Modelers have their own reason for the subjects
they choose. It may be a particular aircraft itself. Maybe it’s an
idea or technique to be tried, like wanting to do a natural metal
finish for the first time. Many times it’s the markings are the
deciding factor. This project was more or less a combination of all
those reasons. I bought the model because I have always loved the
D-9 and I got the kit at a great price. I choose the markings based
on the 1/48 version I had completed fairly recently. After seeing
the1/48 conversion, Bob Stephenson, the Würger Mechanic, gave me
some pointers on how to more accurately accomplish the big tail. I
immediately decided to make another attempt at this and do this
model in the same markings.
Several reviews have been written about this
model written by people with more knowledge and experienced with
this aircraft than me so I won’t try adding comments about kit
accuracy. As one of the reviews said some of the issues will be
deemed acceptable by some modelers and was certainly the case for
Except for one thing, I did not discover any
difficulties with regards to construction that were not already
documented. The hardest thing to get used to with this kit was the
softness of the plastic. This is only build #10 of my return to
modeling and all kits to this point have been either Tamiya or
Hasegawa. You take some things for granted after awhile. I had to
make some adjustments to technique when it came to sanding and
shaping parts when needed. It seemed sometimes that the plastic was
being more scratched than sanded. Always wet sanding and starting
with a finer grit than I would have normally would have took care of
Fit was pretty good and most of the attention
was directed at fixing a few things and making improvement to the
more glaring errors or deficiencies.
The Verlinden resin cockpit and
PE detail set was used. The PE fret had buckles but no belts
and no instructions at all on placement. The belts were made
from lead foil and 1/48 Eduard belts were used as a guide. The
instructions sheet overall was barley adequate and I ended up
using the Eduard sheet from my 1/48 model as a reference for
most of the cockpit detail placement. The instruments are from
Mike Grant’s 1/48 sheet. I had to use the biggest ones from the
sheet to “fill” the instrument face, then a drop of Krystal
Klear to simulate the glass.
New cowl flaps were made from
strip styrene to take care of the thickness issue and the gaps
between the individual flaps.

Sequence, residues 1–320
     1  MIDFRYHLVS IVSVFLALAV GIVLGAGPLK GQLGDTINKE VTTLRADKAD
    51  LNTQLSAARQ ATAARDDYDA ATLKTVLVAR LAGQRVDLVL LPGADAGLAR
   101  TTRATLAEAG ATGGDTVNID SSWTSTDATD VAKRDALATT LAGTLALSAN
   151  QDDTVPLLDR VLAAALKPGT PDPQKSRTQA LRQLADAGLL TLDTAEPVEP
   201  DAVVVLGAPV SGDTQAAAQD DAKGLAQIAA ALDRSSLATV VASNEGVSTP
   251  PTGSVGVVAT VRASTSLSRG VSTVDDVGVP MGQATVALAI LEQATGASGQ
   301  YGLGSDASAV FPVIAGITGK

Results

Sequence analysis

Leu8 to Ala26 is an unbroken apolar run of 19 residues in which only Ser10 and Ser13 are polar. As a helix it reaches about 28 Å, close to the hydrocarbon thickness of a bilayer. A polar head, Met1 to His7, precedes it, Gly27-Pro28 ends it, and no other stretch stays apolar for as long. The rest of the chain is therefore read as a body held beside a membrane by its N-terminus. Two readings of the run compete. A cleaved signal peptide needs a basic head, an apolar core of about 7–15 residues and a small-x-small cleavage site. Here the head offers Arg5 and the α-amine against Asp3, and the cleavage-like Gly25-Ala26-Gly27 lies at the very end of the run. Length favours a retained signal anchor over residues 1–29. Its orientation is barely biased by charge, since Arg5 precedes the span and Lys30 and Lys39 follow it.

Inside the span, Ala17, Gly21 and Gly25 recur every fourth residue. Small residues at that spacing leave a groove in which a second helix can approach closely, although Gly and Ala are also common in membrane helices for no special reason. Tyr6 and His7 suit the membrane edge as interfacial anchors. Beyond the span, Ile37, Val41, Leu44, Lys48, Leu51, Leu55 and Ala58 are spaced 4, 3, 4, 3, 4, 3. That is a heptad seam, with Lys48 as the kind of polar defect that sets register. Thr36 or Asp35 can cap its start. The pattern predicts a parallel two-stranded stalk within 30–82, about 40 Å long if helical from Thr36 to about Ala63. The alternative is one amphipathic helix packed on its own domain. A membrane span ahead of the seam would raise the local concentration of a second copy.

The tail wheel was pretty bad,
looking more like a flattened bagel than a wheel. Some 1/48
P-51 hubs from the parts box, selected for the spokes, were
chucked in Dremel, sanded down to reduce the diameter, a new rim
added with strip styrene and glued into holes drilled in the
kits wheel. That assembly was put back in the Dremel and some
of the roundness of the tread taken down a little.
Some engine detail was removed,
the soft plastic made chiseling easier, and detailed with solder
of different sizes.
Hatch doors were too thick and
new ones were made from sheet styrene with interior detail from
the Verlinden set.
Landing gear doors had the
fictitious ribbing on the interior replaced (I had to do it
twice to get it right) and the spring was added to the struts
along with brake lines.
Welds added to the exhausts with
stretched sprue softened with Tenax then textured with a hobby
Curved hinge on the engine cowl
All flap detail removed and
redone. The kit flaps had just some rudimentary ribs but with
the added bonus of ejector pin holes and rough areas as if there
were big gouges in the molds. New details made from strips and
sheet styrene. The rivets are added using and old dart from my
“arrow chucking” days. It makes a great riveter.
The guard over the exhaust for
the super charger intake was fabricated from some extra brass
sheet from the PE fret.
4mm was taken off the back of the
vertical stab and about 8 degrees of slope added to the front
with a plastic spline and Milliput.
Antenna is a single strand of
copper wire from a lamp cord darkened with Blacken-It.
Not much available in the way of after market
stuff for this model but there aren’t any decals at all. HobbyDecal
makes a nice dry transfer stencil sheet that was used. I had to
make all of the fuselage markings. My first attempt at printing my
own decal did not do my receding hair line any good. I printed them
with an inkjet printer and the yellow was clear like a piece of
The mottling showed through. Next I tried
printing on white paper, trimming real close, and the same thing. I
applied a set of decals to some tape to cut out a stencil to spray
some white as an underlay and found it too hard to position.
The decals were sort of thick so stacking was
out of the question. I know because I tried and the mottling was
still visible anyway. After telling this to a friend he tells me he
has an Alps printer and he would print them for me. The yellow was
a bit grainy but they were super thin and opaque so they made a
perfect bottom layer for 2 stacked decals.
All Model Master enamels with the RLM “84”
being mixed. The NMF is Model Master Metalizer buffing aluminum.
2 coats of Future and a wash of pastels powder,
water and some liquid dish soap. 2 coats MM flat lacquer then some
post shading with pastels and a stiff brush.
I think I need to complete the set with 1/72
and 1/32 scale versions of this aircraft.